The level of education of men, urban living and wealth are associated with disapproval of FGM [24, 26, 29, 30]. Evaluation of DHS data in Guinea from 1999 revealed that 51 % of men wanted FGM to continue, whilst 38 % were against it [24]. Each additional year of schooling substantially increased the odds of favouring the discontinuation of the practice [24].

A school-based study of adolescent boys in Oman revealed that they were more likely to support FGM if they lived in rural areas and their parents had lower level of education [26]. Eighty percent of the boys considered FGM to be important and necessary.

The analysis of the DHS of Guinea showed that if FGM was considered to be accepted by religion, men were more likely to be supportive of the practice [24]. In two studies in Somalia, almost all men supported the continuation of FGM and 96 % preferred to marry women who had been cut, even though 90 % were aware of its complications [25, 34]. Men supported the “lesser” Sunna type, i.e. types I and II, because they believed it not to have any negative health effects, unlike the Pharaonic type, i.e. type III or infibulation [8]. Ninety-six percent of men believed FGM to be a religious requirement.

Prevalence of FGM varied amongst Muslims with different ethnic backgrounds from 12 % to 98 % in a study of 993 men in Gambia [38]. The Serer and Wolof communities that were Muslim but traditionally non-practising, had the lowest prevalence. Wolof men also had the highest awareness of complications of FGM [38]. Similarly, male healthcare workers in Gambia belonging to traditionally practising communities were more likely to support the continuation and medicalisation of FGM, and intended to cut their daughters [38].

Knowledge of complications of FGM

Intervention studies involving men had an important positive effect on men’s attitudes towards abandonment of this practice. In a study of men (n = 4488) and women (n = 5041) in Nigeria [41], a greater proportion of men (54 %) than women (44 %) did not want FGM stopped prior to the intervention of health education on FGM and its complications over ten days. There was a statistically significant decrease in this attitude to 25 % amongst men in the post-intervention stage.

A six months Village Empowerment Program was conducted by TOSTAN in Senegal on human rights, problem-solving process, basic hygiene, and women’s health [23]. The change in the intention to cut their daughters amongst men was greatest among program participants (66 to 13 %) and least in the control group (78 to 56 %). Twenty percent of men as participants and 63 % in the comparison groups preferred a women who had been cut. Most participant men (75 %) indicated their support for the abandonment of FGM. Only 30 % in the comparison group expressed the same.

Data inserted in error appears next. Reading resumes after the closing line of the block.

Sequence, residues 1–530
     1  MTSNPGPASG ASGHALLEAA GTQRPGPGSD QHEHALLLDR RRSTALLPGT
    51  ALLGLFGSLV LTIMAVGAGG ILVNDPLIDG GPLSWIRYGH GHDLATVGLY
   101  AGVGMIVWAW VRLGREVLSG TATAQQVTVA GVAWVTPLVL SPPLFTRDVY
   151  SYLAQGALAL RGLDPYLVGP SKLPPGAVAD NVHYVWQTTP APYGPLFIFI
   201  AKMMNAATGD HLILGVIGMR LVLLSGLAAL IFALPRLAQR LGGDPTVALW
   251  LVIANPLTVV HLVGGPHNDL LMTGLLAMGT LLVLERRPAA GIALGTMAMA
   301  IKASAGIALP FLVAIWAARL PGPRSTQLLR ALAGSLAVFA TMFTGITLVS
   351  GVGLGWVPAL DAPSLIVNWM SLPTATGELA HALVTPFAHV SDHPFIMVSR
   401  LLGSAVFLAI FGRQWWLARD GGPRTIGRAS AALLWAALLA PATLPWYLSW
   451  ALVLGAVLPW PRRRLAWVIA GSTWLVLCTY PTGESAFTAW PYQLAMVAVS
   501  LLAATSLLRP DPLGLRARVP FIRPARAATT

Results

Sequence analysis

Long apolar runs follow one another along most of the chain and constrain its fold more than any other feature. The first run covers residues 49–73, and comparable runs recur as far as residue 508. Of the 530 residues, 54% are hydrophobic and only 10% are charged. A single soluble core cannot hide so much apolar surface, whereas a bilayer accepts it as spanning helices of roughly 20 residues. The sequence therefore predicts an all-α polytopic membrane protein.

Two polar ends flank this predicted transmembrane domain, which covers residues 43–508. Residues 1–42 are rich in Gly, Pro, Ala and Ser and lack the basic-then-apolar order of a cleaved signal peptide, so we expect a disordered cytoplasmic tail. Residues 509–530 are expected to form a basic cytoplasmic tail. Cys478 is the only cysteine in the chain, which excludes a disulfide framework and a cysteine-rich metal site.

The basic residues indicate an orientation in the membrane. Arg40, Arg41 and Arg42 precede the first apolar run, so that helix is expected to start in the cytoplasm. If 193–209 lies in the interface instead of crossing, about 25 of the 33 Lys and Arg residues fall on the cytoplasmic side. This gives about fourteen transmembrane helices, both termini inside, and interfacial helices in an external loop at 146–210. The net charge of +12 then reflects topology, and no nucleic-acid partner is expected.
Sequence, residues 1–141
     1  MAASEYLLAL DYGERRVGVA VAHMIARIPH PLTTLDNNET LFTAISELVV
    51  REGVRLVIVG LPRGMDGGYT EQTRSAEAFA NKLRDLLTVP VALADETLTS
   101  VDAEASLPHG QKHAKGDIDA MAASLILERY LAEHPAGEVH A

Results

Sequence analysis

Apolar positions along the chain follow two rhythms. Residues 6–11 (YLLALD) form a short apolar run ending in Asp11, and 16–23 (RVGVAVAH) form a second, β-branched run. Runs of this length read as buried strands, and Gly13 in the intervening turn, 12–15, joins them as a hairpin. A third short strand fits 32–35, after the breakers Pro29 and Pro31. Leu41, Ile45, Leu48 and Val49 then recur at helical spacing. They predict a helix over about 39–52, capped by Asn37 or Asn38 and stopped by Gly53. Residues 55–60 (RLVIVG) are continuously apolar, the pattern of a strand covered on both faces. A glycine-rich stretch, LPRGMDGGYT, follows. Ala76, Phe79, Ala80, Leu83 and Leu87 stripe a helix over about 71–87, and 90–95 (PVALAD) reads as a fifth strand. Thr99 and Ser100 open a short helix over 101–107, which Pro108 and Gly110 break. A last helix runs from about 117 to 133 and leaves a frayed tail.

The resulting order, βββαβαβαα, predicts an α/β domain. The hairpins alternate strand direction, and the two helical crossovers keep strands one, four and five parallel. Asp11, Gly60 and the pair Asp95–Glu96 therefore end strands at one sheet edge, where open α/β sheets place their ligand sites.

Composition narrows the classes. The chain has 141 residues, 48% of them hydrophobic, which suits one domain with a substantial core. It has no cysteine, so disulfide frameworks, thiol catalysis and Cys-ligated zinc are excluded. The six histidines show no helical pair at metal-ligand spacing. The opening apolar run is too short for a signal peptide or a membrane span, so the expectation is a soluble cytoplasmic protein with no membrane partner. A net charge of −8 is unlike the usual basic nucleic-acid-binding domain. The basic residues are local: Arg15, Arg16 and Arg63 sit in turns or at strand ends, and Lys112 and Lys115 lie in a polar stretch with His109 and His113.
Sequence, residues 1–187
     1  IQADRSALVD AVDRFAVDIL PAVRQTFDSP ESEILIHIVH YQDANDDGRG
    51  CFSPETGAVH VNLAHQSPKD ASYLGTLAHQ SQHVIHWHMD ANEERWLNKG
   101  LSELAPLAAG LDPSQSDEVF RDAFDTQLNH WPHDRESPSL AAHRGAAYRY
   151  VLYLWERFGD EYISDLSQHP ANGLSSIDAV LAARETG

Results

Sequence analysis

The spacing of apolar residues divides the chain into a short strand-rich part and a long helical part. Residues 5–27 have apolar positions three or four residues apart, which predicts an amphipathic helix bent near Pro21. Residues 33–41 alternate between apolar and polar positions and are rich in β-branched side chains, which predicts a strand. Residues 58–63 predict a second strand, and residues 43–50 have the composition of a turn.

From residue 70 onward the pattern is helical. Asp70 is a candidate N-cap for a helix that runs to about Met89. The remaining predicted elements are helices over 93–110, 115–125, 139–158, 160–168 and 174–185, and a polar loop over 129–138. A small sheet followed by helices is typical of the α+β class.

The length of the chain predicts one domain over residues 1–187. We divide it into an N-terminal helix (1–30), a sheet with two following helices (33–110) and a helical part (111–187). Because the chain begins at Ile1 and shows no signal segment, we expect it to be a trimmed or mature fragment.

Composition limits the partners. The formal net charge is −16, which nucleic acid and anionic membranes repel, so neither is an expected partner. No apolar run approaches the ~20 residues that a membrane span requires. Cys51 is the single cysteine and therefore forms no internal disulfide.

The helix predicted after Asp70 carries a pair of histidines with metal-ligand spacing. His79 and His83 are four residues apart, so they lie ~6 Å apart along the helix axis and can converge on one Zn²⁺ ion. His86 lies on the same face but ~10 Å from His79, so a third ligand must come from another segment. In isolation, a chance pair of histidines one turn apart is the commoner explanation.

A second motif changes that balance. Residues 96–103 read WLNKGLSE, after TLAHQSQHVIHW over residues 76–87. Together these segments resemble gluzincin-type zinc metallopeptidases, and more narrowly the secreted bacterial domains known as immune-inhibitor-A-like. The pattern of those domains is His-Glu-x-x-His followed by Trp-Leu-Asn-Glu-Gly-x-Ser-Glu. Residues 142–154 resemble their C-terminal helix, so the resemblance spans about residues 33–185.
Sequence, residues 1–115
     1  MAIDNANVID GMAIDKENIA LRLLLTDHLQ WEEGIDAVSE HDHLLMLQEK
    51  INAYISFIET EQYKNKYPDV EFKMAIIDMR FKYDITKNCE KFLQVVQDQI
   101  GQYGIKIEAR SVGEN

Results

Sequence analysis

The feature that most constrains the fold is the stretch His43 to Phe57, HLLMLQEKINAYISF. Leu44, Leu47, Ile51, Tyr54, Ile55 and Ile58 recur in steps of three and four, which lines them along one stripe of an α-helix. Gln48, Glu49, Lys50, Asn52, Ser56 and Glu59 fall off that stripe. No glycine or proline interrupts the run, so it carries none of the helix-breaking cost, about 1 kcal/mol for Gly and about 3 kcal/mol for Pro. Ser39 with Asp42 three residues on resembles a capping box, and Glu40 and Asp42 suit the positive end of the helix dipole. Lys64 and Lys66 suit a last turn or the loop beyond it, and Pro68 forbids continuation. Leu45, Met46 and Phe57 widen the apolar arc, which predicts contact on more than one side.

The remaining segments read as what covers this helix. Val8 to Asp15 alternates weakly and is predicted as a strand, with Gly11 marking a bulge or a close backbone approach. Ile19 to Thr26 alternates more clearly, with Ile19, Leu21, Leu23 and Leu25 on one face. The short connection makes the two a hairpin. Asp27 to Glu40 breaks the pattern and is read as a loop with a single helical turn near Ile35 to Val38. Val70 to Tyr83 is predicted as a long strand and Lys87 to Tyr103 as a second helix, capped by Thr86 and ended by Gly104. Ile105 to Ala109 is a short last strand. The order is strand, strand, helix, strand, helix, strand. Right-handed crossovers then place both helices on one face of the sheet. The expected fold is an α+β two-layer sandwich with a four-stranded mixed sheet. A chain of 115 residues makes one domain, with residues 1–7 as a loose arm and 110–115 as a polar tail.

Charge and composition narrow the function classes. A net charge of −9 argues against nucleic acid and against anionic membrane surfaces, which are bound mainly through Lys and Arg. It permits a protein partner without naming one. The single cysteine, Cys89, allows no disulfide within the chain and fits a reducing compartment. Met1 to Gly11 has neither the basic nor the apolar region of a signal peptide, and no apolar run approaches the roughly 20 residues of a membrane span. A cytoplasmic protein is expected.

In a study of 993 men in Gambia, 72 % did not know FGM had a negative impact on health [38]. As compared to older men, younger men had a better understanding of the health problems and were less supportive of the practice, had lower intention to cut their daughters, and had higher willingness for men to participate in prevention programs [38].

Migration

There are three studies that examined the attitudes of men from Somalia in Norway [35] and the USA [37], and from Ethiopia and Eritrea in Sweden [36]. In contrast to findings from countries where FGM is prevalent, almost all men strongly rejected this practice [3537]. Men had very good knowledge of the complications of FGM [3537] and understood that it reduced female sexual pleasure [35, 36]. They considered it devoid of meaning within the context of a cultural practice and that it had no religious mandate [35, 36]. One man had believed it was done to girls to prevent sexual violence [35].

Even living in another African country had a positive effect on attitudes of men. Eighty-nine percent of Somali male refugees in Ethiopia positively viewed the usefulness of anti-FGM interventions [28].

Discussion

Our systematic review supports the two main factors perpetuating the continuation of FGM, namely social obligation and marriageability [1]. The former relates to social pressure to adhere to norms, which vary among different communities and countries. The norms may pertain to perceived religious requirement, family honour through premarital virginity of daughters and marital fidelity of wives, aesthetics, and rite of passage [4244]. Fear of exclusion from resources and opportunities as a young woman, including a good marriage, are other important reasons [42, 43]. Men may play a passive role in approving FGM by refusing to marry uncut women or an active one by initiating the practice [9]. In a study of about 400 Nigerian men and women, 71 % of them stated that it was paternal grandfathers and fathers who were the decision makers responsible for requesting FGM [45].